Since moving to
Sure, there are some great Italian stores in the Strip. Penn Mac and Sunseri Bros. have a good selection of all of the above. But (no offense to anybody with particularly strong allegiances to either place) they are kind of like Wal-Mart, when we wanted a mom-and-pop shop—you know, the small, family-owned joint like our beloved Da Marco in Silver Spring, Md., a place run by a guy and his wife, where after you’ve been in a few times and dropped some dollars on the imported prosciutto and a some homemade tortellini, you get the warm hello and knowing gaze that confirms you’re now a regular, that little secrets about the parmesan can be shared, that pizza-making advice can be offered.
Nothing like this exists anywhere in the northern suburbs of
I got it alright.
We were greeted by a woman with short black hair, lightly highlighted with some tans and browns, and with wispy snakes of gray poking through here and there. Her skin was tan, a bit too much makeup. In her hands was a large tray of nearly soccer ball-sized rounds of freshly baked bread, a dusting of flour on top. And, she informed us (in response to our Homer Simpson-like moans of hunger), they were still quite warm.
My eyes followed the tray as she set it on the glass counter, but were yanked downward to a small box filled with one of the most wondrous delights of my childhood, little bags of fried bread dough. Holy crap: A Big Wheel and a remote control car!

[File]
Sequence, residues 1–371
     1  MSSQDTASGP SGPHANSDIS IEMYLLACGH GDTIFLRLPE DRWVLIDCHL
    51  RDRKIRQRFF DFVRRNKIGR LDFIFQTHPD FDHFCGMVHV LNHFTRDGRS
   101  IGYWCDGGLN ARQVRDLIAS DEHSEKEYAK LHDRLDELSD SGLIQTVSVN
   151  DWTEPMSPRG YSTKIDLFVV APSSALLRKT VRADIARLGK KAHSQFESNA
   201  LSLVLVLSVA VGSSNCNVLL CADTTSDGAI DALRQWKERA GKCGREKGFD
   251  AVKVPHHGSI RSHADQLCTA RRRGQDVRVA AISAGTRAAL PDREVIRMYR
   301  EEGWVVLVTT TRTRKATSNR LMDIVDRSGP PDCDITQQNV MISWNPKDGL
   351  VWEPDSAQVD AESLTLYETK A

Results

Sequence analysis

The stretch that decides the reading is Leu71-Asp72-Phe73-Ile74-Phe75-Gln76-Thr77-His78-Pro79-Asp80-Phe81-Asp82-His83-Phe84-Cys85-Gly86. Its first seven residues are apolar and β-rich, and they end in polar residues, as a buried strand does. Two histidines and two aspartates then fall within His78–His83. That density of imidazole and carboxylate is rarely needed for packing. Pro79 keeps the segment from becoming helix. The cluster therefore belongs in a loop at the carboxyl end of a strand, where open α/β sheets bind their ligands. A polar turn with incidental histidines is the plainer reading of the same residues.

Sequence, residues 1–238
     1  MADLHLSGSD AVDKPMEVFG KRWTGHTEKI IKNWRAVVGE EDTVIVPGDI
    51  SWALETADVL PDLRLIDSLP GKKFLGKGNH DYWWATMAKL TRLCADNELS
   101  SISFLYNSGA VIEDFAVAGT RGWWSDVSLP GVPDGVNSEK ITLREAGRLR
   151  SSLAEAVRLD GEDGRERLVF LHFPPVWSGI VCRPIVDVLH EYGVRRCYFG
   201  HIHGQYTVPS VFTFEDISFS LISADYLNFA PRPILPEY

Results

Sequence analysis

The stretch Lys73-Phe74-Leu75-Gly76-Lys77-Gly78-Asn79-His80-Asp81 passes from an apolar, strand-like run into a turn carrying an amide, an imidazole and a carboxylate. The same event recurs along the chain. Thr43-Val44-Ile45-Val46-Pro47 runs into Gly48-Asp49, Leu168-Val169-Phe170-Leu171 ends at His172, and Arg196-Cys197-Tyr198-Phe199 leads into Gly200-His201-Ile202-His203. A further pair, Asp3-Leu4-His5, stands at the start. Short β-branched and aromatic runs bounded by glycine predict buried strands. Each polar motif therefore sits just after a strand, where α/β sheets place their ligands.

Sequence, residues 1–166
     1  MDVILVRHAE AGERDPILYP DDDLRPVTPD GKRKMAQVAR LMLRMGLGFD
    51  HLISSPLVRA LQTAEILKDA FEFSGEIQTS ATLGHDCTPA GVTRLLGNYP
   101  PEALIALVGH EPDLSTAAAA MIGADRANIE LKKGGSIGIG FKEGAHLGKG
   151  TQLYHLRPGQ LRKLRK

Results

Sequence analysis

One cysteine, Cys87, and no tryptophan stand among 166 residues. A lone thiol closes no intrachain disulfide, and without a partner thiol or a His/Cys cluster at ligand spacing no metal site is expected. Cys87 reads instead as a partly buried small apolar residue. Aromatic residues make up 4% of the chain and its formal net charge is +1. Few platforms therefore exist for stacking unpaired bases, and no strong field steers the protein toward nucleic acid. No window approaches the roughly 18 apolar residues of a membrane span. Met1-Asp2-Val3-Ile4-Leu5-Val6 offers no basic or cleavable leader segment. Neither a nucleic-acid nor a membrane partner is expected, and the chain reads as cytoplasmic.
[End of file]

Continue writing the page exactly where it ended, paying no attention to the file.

Shelves were filled with some half-decent olive oils, imported tomatoes (including the San Marzanos that are a must for making pizzas), sardines, anchovies, dried pastas. Deli counter in the back with the usual suspects: olives, cheeses, cured meats. Some freezers with housemade pastas.
We grabbed one of the breads and, somehow, only one bag of fried dough—5 small rounds of desire generously coated with cinnamon or sugar. Some pecorino romano and prosciutto. From a freezer on the far side of the store, two dozen of Groceria Italiana’s calling card: Ravioli, 12 cheese and 12 artichoke and gorgonzola.
While checking out, we chatted with the woman who had initially greeted us with the bread tray in hand. She told us how her mother makes most of the food they sell: all of the pastas, all of the baked fish on Fridays during lent. On one Friday, she told us, when all 60 pounds of fish had been sold and customers kept coming in asking for more, she told them to wait and threw together a gargantuan frittata with “everything and the kitchen sink in it.”
We ate some of the ravioli last week: Big Wheel, remote control car, and the coolest Hot Wheels money can buy. That’s what I call Christmas in July.